Kuljam considers himself a “black sheep” of the family by bucking the trend and leaving active duty for the reserves.
While in the reserves, Kuljam embarked on a 25-year commercial banking career, working at commercial community banks in the Puget Sound Region helping local businesses bring their goals to fruition. Along the way, he started multiple businesses, including an insurance brokerage and business-consulting firm, before officially retiring from the Air Force reserves in 2009.
On January 8, 2015 at 10:18 am, Kuljam called it quits on his full-time banking career as well. He says he felt he was ready to forgo the perks afforded by title to focus on leaving a legacy.
“I don’t want to live my life as a title, but more of a testimonial,” he says.
The Small Business Administration (SBA) asked Kuljam to lecture as part of “The Boots to Business Program,” a two-day seminar developed through Syracuse University aimed at transitioning service members out of the military.
He lectured for three years, before his lecture partner, Nick Malden, a former CFO at Gillette, recommended him for the position as director of VIBE. He accepted the position, starting on a six-month contract.
“I never saw myself going into higher education,” he says of the decision, but once at UW Tacoma, he quickly found himself back in his element as an non-commission officer (NCO) “helping young men and women access the knowledge and experience they needed to solve problems and succeed.”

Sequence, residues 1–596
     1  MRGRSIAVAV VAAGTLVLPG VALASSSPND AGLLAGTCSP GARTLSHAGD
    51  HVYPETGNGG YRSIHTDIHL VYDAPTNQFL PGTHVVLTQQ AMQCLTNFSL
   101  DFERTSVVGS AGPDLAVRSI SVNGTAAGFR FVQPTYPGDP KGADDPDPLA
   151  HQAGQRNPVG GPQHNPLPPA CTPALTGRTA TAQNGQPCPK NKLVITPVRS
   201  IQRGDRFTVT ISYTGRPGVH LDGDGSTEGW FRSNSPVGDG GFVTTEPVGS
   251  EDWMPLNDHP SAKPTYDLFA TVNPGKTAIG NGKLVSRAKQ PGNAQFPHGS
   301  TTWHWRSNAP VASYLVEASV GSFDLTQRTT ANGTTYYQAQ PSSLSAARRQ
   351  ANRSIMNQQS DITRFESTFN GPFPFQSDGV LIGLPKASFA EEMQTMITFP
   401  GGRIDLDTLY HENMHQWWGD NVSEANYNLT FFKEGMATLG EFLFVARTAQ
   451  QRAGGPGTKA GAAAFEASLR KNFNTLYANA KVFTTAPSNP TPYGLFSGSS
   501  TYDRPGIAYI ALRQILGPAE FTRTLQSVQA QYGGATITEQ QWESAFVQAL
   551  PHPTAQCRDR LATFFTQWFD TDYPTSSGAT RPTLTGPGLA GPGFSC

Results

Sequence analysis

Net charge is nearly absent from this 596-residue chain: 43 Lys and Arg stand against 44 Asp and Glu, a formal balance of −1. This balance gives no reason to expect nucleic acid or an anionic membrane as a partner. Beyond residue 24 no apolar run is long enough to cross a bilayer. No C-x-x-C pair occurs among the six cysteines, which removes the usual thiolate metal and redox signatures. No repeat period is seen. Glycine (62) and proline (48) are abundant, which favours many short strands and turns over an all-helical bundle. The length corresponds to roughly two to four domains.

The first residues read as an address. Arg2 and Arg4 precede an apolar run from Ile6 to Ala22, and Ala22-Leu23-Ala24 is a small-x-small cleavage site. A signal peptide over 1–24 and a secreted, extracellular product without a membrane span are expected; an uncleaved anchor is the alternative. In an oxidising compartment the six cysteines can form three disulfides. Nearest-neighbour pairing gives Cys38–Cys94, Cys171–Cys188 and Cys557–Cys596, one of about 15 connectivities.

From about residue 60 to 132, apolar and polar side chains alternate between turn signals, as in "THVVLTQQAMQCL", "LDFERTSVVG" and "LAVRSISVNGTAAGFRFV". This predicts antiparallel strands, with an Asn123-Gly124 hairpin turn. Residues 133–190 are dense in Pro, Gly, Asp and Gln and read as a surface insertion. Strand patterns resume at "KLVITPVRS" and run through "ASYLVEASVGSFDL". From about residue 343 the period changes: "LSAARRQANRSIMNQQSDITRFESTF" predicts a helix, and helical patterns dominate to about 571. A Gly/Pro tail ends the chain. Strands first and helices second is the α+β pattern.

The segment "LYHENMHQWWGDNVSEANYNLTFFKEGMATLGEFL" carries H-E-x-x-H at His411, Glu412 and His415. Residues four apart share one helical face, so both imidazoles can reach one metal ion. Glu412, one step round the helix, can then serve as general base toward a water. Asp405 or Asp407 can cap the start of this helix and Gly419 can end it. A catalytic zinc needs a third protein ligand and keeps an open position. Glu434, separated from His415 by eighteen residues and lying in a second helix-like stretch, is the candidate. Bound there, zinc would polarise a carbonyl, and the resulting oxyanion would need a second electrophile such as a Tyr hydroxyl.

“Tacoma is an awesome place,” he says. “I always come back here. We have talented people from instructors to students to veterans all coexisting together to embrace our uniqueness and make something better.”
Kuljam is quick to sing the praises of city and student alike, but will say little of himself.
James Stevens, a student associate at VIBE since November 2016, is a little more forthcoming.
“All these things that happen at VIBE wouldn’t happen without the extension of his relationships,” James says of Kuljam and his connections to the region. “He leads without leading; he leads by example.”
For Stevens and others, Kuljam’s is an example of embracing who you are, while understanding the steps and sacrifices it takes to get where you want to be.
“It took me half of my life to figure out what my purpose is,” Kuljam says. “My purpose now isn’t transactional; it’s transformational.”